The other week I wrote about finding a voice, which feels very poignant now that the General Election is in full swing.
I’ve always been afraid of writing about politics. I’ll hold my hands up and admit that I’m not the most qualified person to discuss such matters. Politics is the internet game for smart, current affairs people who can make funny remarks about graphs and stuff. They should talk about the election, not some woman who recently waffled on about her love of dog videos.
However, this deprecating attitude of who should and who shouldn’t be discussing politics is a huge issue within this election. This is, after all, one of the most major conversations to be part of!
It seems that in the past political voice was defined by votes. The message was that if you voted someone was listening. We’re told that young people don’t vote and that this warrants a bad lot in life (a rise in tuition fees, the revoking of housing benefits, unfair renting, ect.)And it is true that young people have had a bad history of voting – in the last election, less than half of 18-24 year olds voted.
However, even if every single young person of today voted, according to a BBC Analysis, it would still take 30 years for us to become a electorally significant demographic.
So how can we be heard?
Well it really shouldn’t be that hard (note that I use ‘shouldn’t be’ instead of ‘isn’t’). Communication is the driving force of Generation Y. We tweet, we text, we snapchat, we blog… there’s so many platforms for our opinions out there, that it seems mad that most of us (myself included) are allowing our political views to go wasted in drunken rants in the pub.
I understand that David Cameron and the like aren’t going to watching my twitter feed or reading this blog, but at the very least we should be creating more awareness within the great potential-voter pool. So many communities are being marginalised by the current government and if we don’t all use the tools that we’ve been given, these people will slowly just disappear from view.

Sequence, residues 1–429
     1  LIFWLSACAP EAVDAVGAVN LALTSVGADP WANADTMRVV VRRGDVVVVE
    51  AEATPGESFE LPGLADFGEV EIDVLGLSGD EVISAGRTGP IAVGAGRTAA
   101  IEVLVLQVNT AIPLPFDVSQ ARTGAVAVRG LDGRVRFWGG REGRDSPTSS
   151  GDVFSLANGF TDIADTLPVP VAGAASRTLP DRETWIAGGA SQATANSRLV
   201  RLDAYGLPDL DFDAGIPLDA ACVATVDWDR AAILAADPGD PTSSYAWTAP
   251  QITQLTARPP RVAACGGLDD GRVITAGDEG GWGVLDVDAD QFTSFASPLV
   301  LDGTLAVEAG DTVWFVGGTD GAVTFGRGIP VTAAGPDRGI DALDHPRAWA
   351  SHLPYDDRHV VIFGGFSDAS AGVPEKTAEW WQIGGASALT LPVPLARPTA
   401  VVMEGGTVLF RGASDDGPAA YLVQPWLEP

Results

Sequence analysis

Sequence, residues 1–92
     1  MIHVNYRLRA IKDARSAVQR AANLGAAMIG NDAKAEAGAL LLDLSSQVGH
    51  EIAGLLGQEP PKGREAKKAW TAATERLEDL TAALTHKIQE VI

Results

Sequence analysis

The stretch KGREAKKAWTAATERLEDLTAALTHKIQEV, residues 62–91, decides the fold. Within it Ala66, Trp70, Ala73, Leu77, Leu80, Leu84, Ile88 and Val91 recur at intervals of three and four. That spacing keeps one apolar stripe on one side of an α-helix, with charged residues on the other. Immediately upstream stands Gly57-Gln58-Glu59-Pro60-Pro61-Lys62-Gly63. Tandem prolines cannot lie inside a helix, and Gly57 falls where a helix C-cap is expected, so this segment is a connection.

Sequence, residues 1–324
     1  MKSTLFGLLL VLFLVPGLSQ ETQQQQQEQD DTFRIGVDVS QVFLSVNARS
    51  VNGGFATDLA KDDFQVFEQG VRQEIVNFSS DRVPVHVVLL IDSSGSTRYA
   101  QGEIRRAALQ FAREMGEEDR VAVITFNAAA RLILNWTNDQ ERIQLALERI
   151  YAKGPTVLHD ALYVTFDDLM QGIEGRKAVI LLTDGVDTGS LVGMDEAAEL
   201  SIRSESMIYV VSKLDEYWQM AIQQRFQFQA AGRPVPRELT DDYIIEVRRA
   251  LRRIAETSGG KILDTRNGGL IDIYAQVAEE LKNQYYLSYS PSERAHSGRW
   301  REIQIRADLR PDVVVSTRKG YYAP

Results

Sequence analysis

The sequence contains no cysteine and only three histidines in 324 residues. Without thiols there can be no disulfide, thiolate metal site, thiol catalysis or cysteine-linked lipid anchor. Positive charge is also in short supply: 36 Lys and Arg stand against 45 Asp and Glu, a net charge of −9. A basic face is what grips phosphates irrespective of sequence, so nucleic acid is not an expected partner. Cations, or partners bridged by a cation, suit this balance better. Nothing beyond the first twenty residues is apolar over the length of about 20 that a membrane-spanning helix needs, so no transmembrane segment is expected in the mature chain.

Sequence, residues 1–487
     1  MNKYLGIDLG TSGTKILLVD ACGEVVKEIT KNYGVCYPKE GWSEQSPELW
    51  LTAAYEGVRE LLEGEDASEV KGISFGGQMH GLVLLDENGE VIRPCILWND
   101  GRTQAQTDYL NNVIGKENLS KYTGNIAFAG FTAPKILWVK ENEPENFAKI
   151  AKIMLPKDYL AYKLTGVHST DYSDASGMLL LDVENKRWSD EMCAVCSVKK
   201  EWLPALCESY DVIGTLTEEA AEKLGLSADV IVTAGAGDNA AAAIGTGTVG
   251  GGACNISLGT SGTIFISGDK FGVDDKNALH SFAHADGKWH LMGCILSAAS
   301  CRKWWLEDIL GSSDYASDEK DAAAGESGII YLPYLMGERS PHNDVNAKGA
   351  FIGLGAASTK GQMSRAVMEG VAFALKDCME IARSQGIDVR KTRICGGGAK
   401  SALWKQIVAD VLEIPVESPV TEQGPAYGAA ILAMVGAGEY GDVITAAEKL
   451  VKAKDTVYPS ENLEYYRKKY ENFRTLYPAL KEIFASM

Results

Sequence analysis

London especially is a great example of this. Just look at the Focus E15 Mothers, who are currently occupying abandoned council estates in protest of the housing crisis. If these women sat back and proclaimed: ‘well it isn’t my place to question the government!’ Then they wouldn’t even have a chance of remaining in their local area. They would have been quietly pushed out of London, like most working-class people have been in recent years.
Even I know that lucky circumstance is all that has kept me out of extreme poverty. I’ve been financially independent since the age of 18, supporting myself through either student loans or finding work. I don’t have a good relationship with my parents. Once I left university, there was no home to go back to. No safety net against the jobs crisis.
My final year of university was filled with a crushing fear that only those who have come out of dire circumstance know and will never forget. What if I failed to get a job? What if I couldn’t afford to shelter myself?
The Tories have pledged that anyone between 18-21 will not be able to claim housing benefit. Now I’m sure they’ll make exceptions for the obvious cases – such as those who have lost their parents. But I doubt that those in my special circumstances, ones that have no documented proof of why they can’t live in their family home, will be saved from finding themselves either on a friend’s couch or (very likely) the streets.
Judging from the Tories recent commitment to cut £12 bn from Welfare, this trend for demonizing and exploiting the most vulnerable in our society is only getting worse. And it’s no coincidence that this same group of people are the ones who feel they can’t speak out. That no one cares. That their voice doesn’t matter.
I refuse to believe that we are an indifferent generation and that we cannot shape the destiny of our own country. I have a voice, a vote, and a platform to say in which direction my country should be heading – and you do too.
And preferably, let’s have that direction moving as far away from the Conservatives as possible.